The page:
Based on previous research on stereotype threat, social identity threat, and sense of belonging, we formed several hypotheses. The first hypothesis focused on the benefits of the interventions on the variables that stereotype threat and social identity threat are theorized to impact. We assumed that both interventions would have equally beneficial effects but that the best results would be achieved by combining the two interventions. Those effects were expected to continue after the seminar. As, however, we do not expect male participants to suffer under any social identity or stereotype threat effects, which the interventions aim to counteract, they should also not experience changes by participating in the interventions.

H1a: We hypothesized that female students would rate sense of belonging higher and gender identification lower directly after the interventions as well as several weeks after the interventions than before the interventions. For male students, no changes were expected.

H1b: We expected that the combination of both interventions would have stronger effects, that is, would lead to a stronger increase in sense of belonging and a stronger decrease in gender identification.

Further, we aimed to compare the female and male participants’ assessments of variables crucial for stereotype threat and for perceived social identity threat with the study. Therefore, the second hypothesis can be split into three parts based on the environment the participants were facing. At the first measurement point, students had not yet met the other participants and made their assessments based on previously experienced physics environments. These perceptions were expected to be stereotyped on the basis of participants’ experience from school and media. This study used an explicit measure of stereotype endorsement; it needs to be considered that the assessments, especially those of the female participants, might differ from implicit measures (cf. Kessels et al., 2006). Women might feel less inclined to explicitly agree with negative stereotypes about women in science than male participants do and might indicate lower beliefs in negative stereotypes about women. An explicit measure seems, nevertheless, appropriate as higher stereotype endorsement was previously shown to predict higher sensitivity to the consequences of stereotype threat (e.g., Schmader et al., 2004; Pennington et al., 2016).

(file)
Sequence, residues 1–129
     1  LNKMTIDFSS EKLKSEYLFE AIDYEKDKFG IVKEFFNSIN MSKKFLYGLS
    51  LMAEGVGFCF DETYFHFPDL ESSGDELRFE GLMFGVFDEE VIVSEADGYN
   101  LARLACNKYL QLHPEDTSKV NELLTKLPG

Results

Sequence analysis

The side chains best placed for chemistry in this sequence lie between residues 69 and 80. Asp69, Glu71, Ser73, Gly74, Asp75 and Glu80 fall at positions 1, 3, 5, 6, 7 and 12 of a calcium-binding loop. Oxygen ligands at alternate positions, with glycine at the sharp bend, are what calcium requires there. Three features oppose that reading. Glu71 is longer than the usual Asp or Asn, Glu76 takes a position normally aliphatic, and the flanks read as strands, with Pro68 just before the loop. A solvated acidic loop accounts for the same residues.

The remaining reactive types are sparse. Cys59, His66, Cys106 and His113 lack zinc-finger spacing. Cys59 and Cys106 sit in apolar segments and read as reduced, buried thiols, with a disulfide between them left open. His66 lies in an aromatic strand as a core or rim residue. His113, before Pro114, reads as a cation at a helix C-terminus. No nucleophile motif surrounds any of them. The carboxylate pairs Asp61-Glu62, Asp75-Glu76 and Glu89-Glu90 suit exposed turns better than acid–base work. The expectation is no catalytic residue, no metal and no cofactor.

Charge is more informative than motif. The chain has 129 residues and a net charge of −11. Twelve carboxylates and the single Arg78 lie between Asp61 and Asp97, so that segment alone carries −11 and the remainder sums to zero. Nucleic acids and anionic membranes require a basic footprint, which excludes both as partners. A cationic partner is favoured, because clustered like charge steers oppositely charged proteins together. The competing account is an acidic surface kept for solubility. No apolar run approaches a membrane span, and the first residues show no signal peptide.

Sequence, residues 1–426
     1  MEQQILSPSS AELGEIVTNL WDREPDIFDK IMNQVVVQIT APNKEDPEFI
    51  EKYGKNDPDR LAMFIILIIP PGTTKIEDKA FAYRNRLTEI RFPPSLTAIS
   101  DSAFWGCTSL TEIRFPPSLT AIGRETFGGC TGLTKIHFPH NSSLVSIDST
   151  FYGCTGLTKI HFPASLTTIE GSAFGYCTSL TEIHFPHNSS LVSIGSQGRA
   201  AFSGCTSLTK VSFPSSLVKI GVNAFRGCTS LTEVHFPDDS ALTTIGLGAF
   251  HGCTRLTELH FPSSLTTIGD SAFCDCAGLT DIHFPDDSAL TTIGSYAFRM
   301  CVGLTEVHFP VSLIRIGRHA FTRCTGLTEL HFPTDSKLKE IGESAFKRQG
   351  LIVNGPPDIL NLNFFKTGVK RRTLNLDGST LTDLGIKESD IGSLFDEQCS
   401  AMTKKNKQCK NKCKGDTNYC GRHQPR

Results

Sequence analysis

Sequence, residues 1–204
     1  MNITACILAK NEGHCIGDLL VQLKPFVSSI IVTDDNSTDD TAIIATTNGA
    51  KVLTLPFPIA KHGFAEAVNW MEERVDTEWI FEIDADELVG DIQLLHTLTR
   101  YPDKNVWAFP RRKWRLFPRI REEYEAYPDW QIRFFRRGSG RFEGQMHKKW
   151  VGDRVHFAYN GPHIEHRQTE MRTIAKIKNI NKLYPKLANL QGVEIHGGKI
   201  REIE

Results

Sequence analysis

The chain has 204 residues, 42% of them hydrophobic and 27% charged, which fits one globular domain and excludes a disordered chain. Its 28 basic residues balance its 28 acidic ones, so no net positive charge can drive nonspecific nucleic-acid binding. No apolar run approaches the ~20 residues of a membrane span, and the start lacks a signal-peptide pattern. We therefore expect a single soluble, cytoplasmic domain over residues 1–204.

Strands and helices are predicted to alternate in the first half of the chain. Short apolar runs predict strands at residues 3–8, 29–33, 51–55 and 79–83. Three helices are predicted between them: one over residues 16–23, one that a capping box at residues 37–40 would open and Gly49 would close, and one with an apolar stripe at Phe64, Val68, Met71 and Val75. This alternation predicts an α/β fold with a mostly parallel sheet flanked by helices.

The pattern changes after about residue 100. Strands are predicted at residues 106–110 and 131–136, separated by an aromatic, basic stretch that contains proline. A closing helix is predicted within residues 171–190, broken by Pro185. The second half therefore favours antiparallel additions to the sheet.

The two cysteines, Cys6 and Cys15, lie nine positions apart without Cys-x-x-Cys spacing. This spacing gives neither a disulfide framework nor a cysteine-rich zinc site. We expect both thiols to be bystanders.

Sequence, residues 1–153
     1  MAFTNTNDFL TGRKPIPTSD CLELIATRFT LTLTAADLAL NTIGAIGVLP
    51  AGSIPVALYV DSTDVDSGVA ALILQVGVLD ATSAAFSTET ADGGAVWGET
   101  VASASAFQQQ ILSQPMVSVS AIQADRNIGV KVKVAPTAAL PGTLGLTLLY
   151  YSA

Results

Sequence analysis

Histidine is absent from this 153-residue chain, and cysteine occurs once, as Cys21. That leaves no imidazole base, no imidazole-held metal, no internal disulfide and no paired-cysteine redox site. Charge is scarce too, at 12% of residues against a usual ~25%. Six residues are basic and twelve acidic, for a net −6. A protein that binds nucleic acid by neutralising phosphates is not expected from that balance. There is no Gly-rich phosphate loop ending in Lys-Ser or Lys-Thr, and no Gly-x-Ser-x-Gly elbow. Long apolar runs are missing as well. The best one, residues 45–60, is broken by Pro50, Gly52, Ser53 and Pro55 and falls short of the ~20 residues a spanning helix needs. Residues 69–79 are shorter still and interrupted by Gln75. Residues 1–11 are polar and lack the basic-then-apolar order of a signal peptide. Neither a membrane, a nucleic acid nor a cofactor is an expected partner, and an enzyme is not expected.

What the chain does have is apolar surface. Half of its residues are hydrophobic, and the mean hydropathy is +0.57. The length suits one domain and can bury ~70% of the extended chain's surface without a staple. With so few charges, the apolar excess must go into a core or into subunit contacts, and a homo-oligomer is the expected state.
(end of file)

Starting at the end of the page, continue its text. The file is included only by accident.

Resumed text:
H2a: We hypothesized that, before the interventions, females would endorse negative stereotypes about women in physics less than males. Here, female should perceive more social identity threat than males.

When the participants arrived at the seminar, they encountered a predominantly male group. This again should present a stereotypical environment. The literature suggests that in predominantly male science groups, females identify more with their gender (e.g., Schmader, 2002) while also feeling less belonging and perceiving the environment to be stereotyping (e.g., Good et al., 2012).